We know that the whole creation is groaning together and suffering labor pains up until now. And it’s not only the creation. We ourselves who have the Spirit as the first crop of the harvest also groan inside as we wait to be adopted and for our bodies to be set free. We were saved in hope. If we see what we hope for, that isn’t hope. Who hopes for what they already see? But if we hope for what we don’t see, we wait for it with patience.
“Come writers and critics
Who prophesize with your pen
And keep your eyes wide
The chance won’t come again
And don’t speak too soon
For the wheel’s still in spin
And there’s no tellin’ who
That it’s namin’
For the loser now
Will be later to win
For the times they are a-changin’”
“The Times They Are A-Changin’”, by Bob Dylan
“A thrill of hope, a weary world rejoices, for yonder breaks a new and glorious morn.”
-John Sullivan Dwight, et al
Some years ago, I was asked to sing O Holy Night for a Christmas Eve candle lighting. It’s long been my favorite Christmas carol, but it can be a challenging song for a vocalist. One of the keys to mastering it is intentionally mapping out where in the phrases to draw a breath. In this line for example, you place a quick pause between “a thrill of hope” and “a weary world rejoices,” a natural break between the phrases that feels seamless for the listener.
Advent isn’t a seamless season though.
In Advent we take time to lament the brokenness and suffering of the world we find ourselves in now, intensifying the deep longing we feel for the return of the Messiah. In Advent we recognize that “Joy to the world the Lord is come” is a long awaited cry of relief after centuries of “O come O come Emanuel and ransom captive Israel.”
In Advent we acknowledge that there is actually a brutally long wait between the words “a weary world” and “rejoices.” There is nothing seamless about it.
Yet our passage from Romans points to a surprising truth. That “thrill of hope” isn’t found in the sweet relief of seeing the Savior arrive at long last. No, it’s found right there in that same agonizing space of longing. Verse 24 tells us “if we see what we hope for, that isn’t hope. Who hopes for what they already see?” Put another way, hope isn’t hope if you don’t have something to long for. In fact, if we look back earlier in Romans at chapter 5 we read that “suffering produces endurance, and endurance produces character, and character produces hope.” (v. 3-4, ESV)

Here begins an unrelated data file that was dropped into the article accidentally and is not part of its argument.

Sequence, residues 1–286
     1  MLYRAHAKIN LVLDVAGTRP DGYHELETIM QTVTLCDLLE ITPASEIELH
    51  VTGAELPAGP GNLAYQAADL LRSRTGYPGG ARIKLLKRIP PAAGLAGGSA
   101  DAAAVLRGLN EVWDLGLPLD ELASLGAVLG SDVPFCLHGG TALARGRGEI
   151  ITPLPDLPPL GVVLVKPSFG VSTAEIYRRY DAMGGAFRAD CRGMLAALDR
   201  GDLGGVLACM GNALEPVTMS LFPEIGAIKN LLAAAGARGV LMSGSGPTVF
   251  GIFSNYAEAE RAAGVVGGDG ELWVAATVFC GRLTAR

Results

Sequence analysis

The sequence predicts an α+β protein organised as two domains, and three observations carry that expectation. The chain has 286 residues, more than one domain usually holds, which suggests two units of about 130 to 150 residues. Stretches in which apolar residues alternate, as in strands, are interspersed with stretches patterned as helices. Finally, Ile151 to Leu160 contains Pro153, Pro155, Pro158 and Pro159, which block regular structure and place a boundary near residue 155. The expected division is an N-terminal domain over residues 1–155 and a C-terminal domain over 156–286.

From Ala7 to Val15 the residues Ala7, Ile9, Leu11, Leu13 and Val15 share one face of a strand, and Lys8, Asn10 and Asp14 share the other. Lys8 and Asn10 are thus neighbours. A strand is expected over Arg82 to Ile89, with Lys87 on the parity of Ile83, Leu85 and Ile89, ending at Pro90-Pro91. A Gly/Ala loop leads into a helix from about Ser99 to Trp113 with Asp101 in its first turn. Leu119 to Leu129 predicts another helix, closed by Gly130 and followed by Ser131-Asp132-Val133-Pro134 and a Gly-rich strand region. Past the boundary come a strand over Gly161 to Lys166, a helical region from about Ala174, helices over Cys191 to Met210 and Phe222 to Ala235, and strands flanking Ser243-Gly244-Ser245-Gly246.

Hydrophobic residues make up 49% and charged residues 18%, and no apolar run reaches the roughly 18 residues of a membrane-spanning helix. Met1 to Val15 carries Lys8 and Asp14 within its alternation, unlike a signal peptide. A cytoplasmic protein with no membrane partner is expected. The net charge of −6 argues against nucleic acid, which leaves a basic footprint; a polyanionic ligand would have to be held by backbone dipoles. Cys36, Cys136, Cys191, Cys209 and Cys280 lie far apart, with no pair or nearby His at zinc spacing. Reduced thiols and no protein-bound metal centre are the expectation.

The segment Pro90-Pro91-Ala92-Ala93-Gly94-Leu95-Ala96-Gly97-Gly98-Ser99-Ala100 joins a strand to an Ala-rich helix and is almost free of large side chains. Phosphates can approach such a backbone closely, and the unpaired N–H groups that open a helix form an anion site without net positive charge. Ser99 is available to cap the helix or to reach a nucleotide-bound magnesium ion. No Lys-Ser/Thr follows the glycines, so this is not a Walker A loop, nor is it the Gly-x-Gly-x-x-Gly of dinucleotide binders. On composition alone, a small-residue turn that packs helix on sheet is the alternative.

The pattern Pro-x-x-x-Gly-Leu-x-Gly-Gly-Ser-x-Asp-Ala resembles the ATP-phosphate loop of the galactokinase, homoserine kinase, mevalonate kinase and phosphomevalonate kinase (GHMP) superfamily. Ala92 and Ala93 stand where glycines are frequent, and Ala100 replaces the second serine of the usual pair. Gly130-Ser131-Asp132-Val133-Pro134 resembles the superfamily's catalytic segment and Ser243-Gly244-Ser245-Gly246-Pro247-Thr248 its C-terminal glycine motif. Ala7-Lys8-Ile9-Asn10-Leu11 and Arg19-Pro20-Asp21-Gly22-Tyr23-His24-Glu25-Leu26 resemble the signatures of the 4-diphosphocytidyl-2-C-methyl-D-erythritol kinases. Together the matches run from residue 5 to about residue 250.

The “thrill of hope” is found in the place of sacred tension between the brokenness of this world and His glorious Kingdom to come. Hope isn’t relentless optimism or focusing only on the positives, hope requires fully acknowledging the suffering from which our longing springs. It’s in our greatest pain we find the greatest longing for our even greater Savior. It’s in the sorrow of earth we best whet our appetites for the sweet taste of heaven. And it’s in recognizing injustice around us that we most identify with the powerful hope of the perfect justice the Savior will bring. “Chains shall He break, for the slave is our brother, and in He name all oppression shall cease.”
This is a hope with teeth, a discipline born of long-suffering and endurance. It’s a hope that doesn’t just look to the future, it’s ready to fight another day to bring a little more of that Kingdom come on Earth as it is in Heaven.
Stephanie Tait wears many hats. Blogger, speaker, author, wife, mother, Jesus follower. Her fifteen-years and counting battle with Lyme disease has reshaped her view on the goodness of God. She makes her home in Oregon, where she lives with her husband and two children. She shares her stories at stephanietaitwrites.com.